What impressed me most was how the car let me set this destination all while keeping up my speed, dashing down each straight and getting the tires to squeal in the turns. Although it seemed a little tedious drilling down through the voice command structure, I was able to keep some very necessary focus on the road, and the system recognized what I was saying at each step.
However, I am not a huge fan of this navigation system. The maps look good and its route guidance gives street names and easily understood graphics for freeway maneuvers, but it renders too slowly, visibly rebuilding the maps when the car starts up and while it's in motion. On other Ford vehicles using this same system, I have also experienced long lags in which the GPS system took 10 minutes or more to locate the car. Until Ford can get some faster hardware built in, I would avoid the navigation option.
In another symptom of underpowered electronics in the dashboard, the Focus ST's MyFord Touch system lagged a bit at times, the touch screen failing to immediately respond to button pushes. MyFord Touch encompasses navigation, the stereo, a hands-free phone system, and climate control, color-coding each function on the LCD.
This format makes the system easy to understand, but where I find the interface fails is navigation down through menus, for example when searching for a POI using the touch screen. At each step, MyFord Touch overlays a new menu screen. To back out to the main screen, I had to touch a back arrow on each of the multiple screens I had already drilled down through. The only shortcut I found was hitting the main menu button, then hitting the navigation function area again.
The stereo and phone screens were not quite so complicated, and have the added bonus of being powered by Ford's Sync system. Sync comes standard on the Focus ST, and does not need MyFord Touch to work. It let me pair my phone through Bluetooth and make calls by saying the name of anyone in my phone's contact list. I could also play music from my phone using the system's Bluetooth audio streaming feature.
However, I preferred plugging a USB drive full of MP3 files into the car's USB port. Not only could I then see the contents organized as a music library on the MyFord Touch LCD, and select music on that interface, I could also use voice command to request music by artist, album, genre, and song name. This system offered similar integration with my iPhone's music library when I had it plugged into the car's USB port. Other automakers are implementing similar systems, but Ford had Sync first, and it works very well.
The Sony-branded audio system in the Focus ST, a very worthwhile option, delivers much better sound than I would expect from a premium system in a compact car. Its 10 speakers, which includes a meaty subwoofer in the cargo space, and 355-watt amp create very clean overall sound. Bass comes through strong enough to feel, while highs can be very delicate, when recorded that way. I never found the system delivering distorted or shrill notes. It may fall short of the extreme fidelity of audiophile systems, but represents an excellent bargain.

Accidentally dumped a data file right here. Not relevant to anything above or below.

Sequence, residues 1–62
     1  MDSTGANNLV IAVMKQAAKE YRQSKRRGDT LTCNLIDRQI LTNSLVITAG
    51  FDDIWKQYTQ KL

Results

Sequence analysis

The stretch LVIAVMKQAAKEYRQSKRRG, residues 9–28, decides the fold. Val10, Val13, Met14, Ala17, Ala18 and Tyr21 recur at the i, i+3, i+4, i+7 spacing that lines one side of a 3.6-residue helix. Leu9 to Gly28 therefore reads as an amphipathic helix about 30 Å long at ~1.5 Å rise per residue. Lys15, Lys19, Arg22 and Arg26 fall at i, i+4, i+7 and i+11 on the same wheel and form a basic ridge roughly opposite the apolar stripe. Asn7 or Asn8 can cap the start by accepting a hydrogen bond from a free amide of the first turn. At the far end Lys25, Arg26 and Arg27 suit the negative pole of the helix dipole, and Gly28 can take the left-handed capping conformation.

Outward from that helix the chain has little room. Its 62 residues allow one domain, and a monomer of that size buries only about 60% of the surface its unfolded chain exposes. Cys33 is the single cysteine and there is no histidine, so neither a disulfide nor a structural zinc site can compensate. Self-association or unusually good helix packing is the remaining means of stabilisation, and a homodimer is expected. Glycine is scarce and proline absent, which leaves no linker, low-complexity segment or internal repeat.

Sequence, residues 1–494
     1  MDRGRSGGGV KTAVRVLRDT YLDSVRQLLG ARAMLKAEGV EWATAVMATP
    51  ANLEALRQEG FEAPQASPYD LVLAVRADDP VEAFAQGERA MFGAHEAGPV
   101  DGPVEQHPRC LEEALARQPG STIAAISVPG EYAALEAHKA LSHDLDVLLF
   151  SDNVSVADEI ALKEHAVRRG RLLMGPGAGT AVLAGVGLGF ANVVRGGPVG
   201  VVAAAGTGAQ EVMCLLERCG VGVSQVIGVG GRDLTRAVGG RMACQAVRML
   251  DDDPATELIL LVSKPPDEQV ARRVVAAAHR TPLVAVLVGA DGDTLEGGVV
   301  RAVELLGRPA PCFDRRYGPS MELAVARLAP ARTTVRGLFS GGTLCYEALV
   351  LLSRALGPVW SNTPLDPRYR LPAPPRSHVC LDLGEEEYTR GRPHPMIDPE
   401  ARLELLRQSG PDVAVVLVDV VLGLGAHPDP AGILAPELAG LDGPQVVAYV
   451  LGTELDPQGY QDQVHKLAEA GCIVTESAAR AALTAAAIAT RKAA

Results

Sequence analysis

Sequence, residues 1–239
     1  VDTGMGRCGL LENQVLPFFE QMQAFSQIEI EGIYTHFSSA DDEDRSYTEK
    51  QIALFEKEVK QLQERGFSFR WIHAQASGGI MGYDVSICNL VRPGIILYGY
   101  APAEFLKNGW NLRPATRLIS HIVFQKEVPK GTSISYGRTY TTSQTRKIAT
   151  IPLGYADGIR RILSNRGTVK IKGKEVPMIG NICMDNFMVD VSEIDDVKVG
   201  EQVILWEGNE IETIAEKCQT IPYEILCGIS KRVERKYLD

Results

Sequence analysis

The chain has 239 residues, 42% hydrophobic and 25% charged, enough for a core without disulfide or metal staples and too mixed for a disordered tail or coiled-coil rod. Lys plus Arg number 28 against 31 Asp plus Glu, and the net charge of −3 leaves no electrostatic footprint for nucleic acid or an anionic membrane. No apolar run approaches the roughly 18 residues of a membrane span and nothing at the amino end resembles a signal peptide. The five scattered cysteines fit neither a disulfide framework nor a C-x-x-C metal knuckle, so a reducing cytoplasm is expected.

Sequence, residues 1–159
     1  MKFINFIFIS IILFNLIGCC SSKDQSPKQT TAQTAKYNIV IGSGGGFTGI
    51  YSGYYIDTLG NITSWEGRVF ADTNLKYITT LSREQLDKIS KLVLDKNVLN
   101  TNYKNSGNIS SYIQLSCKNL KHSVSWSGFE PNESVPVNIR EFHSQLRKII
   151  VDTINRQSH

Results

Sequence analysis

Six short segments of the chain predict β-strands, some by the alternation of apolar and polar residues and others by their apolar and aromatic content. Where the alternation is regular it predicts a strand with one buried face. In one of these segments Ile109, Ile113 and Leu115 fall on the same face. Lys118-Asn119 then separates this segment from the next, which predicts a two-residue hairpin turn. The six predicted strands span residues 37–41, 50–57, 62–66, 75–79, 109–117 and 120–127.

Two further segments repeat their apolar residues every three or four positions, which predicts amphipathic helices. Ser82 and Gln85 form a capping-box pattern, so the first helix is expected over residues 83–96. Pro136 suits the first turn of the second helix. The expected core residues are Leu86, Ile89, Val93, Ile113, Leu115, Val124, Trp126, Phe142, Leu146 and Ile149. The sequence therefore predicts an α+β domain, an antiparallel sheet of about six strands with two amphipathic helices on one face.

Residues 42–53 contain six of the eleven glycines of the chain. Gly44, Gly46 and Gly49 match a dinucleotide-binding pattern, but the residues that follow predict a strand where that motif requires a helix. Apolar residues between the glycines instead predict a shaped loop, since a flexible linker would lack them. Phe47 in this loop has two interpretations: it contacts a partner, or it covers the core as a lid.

The latest from AppLink
With or without MyFord Touch, Sync includes AppLink, which offers some very impressive integration with popular apps. I tested the latest version of AppLink in a Ford Fiesta earlier this year, and recorded the video embedded below. The Focus will show similar functionality.
Looking at engine, transmission, and suspension, the 2013 Ford Focus ST makes for an excellently responsive car, one that anybody who really likes driving could enjoy. There are faster, more powerful cars around, but the Focus ST is a car you can bring close to its limits on public roads without undue recklessness. At the same time, its body style makes it a practical everyday driver.
The Recaro seats are a little much, not the most usable for everyday errand running or commuting. And although improved from its initial launch, MyFord Touch remains overcomplicated and a little clunky. Leaving off the navigation option, where most of the problems arise, makes it a more palatable option, but including it will also bring in the Recaro seats with Ford's option packaging.
|Model||2013 Ford Focus|
|Power train||Turbocharged direct-injection 2-liter, 4-cylinder engine, 6-speed manual transmission|
|EPA fuel economy||23 mpg city/32 mpg highway|
|Observed fuel economy||23.1 mpg|
|Navigation||Optional flash-memory-based with traffic integration|
|Bluetooth phone support||Standard with contact list integration|
|Digital audio sources||Smartphone apps, onboard hard drive, iPod/iPhone, USB drive, Bluetooth streaming, auxiliary input, satellite radio, HD Radio|
|Audio system||Sony 10-speaker 355-watt system|
|Price as tested||$28,170|